What’s your advice for travel professionals in 2017?
Claire Saylor, senior marketing manager, U.S., Audley Travel: “I think our biggest learning is how much clients appreciate an agent that listens to their needs and interests. Honing in on a small reference to a birthday or anniversary, or a child’s interest in cars, could all be hints for you to craft an experience they will remember for a lifetime. In our daily life, personalization is the norm, not the exception.”
Roy: “Provide your clients with inspiration besides products. We live in a digital world where we expect almost everything to be available at our finger tips. Take advantage of this perception by cutting through the clutter with seamless service and establishing yourself as a travel guru.”
Della Grazia: “Invest more time to listen to your clients, get a full grasp of their interests, expectations, etc., and only then start to advise and suggest products, itineraries, activities and properties that fulfill their travel dreams. Of course speed of response matters—but the relevance of the response matters even more. And with the knowledge gained of clients’ interests and needs, designing and selling small group tours will become easier, with the resulting increase in revenues.”
Iannuccilli: “Now, more than ever, we’re encouraging agents to take our e-learning courses to become experts in the destination. By doing so, agents will gain access to untapped information and will have the opportunity for travel discounts and FAMs.”
From where do you see new revenues coming in 2017?
Saylor: “Our new revenue driver for 2017 and beyond is based on launching an entirely new portfolio of tailor-made travel to Europe. Europe is an evergreen destination for North American travelers, and there is a demand from second and third time visitors to see beyond the highlights of the region, and really delve into some of the cultural and culinary traditions or live history on educational inspired trips.”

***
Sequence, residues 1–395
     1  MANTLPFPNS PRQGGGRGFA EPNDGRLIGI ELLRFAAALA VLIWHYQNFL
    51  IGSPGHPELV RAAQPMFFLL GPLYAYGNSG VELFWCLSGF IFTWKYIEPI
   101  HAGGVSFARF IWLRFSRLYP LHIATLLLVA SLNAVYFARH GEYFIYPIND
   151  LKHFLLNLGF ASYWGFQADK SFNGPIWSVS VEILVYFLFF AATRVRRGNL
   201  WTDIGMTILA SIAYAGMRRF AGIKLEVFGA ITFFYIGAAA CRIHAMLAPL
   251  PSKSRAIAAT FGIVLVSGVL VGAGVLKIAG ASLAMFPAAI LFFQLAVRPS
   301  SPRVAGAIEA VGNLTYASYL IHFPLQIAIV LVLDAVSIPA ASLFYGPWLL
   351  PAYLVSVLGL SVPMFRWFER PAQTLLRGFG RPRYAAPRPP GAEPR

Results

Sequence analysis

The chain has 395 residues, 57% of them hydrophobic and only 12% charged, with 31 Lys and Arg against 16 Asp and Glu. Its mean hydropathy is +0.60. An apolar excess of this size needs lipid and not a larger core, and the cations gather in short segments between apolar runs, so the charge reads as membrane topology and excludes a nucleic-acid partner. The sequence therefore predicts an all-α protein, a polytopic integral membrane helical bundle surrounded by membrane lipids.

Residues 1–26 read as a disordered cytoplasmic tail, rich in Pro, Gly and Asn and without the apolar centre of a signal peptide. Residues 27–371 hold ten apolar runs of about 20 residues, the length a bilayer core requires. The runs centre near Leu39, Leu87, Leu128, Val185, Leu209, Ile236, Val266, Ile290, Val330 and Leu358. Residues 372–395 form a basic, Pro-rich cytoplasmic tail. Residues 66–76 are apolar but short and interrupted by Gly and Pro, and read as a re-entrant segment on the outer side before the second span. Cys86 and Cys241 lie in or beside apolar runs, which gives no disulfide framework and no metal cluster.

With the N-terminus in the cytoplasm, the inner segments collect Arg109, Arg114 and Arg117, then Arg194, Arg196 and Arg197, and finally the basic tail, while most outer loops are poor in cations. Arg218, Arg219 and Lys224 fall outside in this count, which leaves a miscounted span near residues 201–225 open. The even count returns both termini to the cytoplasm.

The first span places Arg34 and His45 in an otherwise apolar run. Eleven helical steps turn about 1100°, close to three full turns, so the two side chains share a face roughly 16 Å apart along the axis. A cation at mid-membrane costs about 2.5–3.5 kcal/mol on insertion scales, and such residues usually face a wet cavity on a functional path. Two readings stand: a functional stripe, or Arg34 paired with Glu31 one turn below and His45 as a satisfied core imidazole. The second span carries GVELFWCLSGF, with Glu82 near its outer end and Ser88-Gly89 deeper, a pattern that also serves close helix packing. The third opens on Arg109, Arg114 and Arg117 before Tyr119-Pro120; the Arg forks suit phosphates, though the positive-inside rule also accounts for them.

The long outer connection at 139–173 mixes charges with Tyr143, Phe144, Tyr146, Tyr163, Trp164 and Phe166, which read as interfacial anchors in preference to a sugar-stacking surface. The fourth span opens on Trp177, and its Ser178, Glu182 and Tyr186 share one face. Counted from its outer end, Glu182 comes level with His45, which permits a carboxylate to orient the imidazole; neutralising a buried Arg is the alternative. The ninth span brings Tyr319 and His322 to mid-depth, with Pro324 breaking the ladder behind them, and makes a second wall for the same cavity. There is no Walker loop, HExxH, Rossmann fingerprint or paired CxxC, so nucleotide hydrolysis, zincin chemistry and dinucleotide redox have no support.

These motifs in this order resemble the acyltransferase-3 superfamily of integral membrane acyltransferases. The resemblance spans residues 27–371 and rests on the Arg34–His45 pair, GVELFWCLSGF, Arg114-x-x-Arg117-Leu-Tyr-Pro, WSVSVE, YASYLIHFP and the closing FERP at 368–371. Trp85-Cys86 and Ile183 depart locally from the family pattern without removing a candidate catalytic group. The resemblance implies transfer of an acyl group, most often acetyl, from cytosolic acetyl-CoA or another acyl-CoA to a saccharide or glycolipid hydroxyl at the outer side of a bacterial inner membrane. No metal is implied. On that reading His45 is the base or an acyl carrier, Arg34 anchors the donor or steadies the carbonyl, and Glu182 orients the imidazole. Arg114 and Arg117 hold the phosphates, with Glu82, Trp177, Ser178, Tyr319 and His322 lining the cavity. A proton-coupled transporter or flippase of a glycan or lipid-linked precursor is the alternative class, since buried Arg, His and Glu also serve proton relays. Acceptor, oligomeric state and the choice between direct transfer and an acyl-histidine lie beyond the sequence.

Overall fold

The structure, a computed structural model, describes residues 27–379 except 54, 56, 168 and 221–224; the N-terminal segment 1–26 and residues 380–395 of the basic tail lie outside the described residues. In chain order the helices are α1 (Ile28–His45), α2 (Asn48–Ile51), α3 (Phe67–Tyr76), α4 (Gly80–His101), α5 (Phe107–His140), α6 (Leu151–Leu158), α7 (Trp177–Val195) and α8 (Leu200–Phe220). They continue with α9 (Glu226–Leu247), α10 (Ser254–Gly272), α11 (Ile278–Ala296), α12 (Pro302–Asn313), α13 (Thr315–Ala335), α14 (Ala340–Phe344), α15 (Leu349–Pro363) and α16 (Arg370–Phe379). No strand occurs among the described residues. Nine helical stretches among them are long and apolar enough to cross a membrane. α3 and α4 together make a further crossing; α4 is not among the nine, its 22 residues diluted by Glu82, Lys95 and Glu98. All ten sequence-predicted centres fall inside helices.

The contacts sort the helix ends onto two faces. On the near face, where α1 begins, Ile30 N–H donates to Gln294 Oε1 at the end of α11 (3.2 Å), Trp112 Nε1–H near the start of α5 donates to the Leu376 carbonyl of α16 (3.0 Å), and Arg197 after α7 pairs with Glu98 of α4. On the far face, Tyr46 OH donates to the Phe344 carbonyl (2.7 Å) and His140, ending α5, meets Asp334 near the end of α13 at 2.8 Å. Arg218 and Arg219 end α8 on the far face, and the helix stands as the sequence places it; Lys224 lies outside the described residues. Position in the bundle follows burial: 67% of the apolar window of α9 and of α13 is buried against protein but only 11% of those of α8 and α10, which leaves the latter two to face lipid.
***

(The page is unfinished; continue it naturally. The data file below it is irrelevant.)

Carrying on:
Della Grazia: “We see small groups (10 to 20 participants) as an increasingly big source of revenue in 2017 and in the years to come. Small groups combine the advantage of unique, off-the-beaten-path (I would say almost custom-made) itineraries with the price advantage related to the size of the group. We have a small group section on our website.”
Tollman: “Trafalgar is seeing trends like multi-generational travel groups—not just the parents but also grandparents taking the children on trips. Demand continues to steadily increase for our Family Experiences so we have expanded that offering for next year. We have significantly diversified our portfolio for 2017 and while we will always strive to improve, we are thrilled to be able to offer eight different trip styles, something for everyone.”
Iannuccilli: “Our explorations line of smaller experience tours is really trending to be a favorite right now and we anticipate additional revenue from multi-generational travel in the coming months.”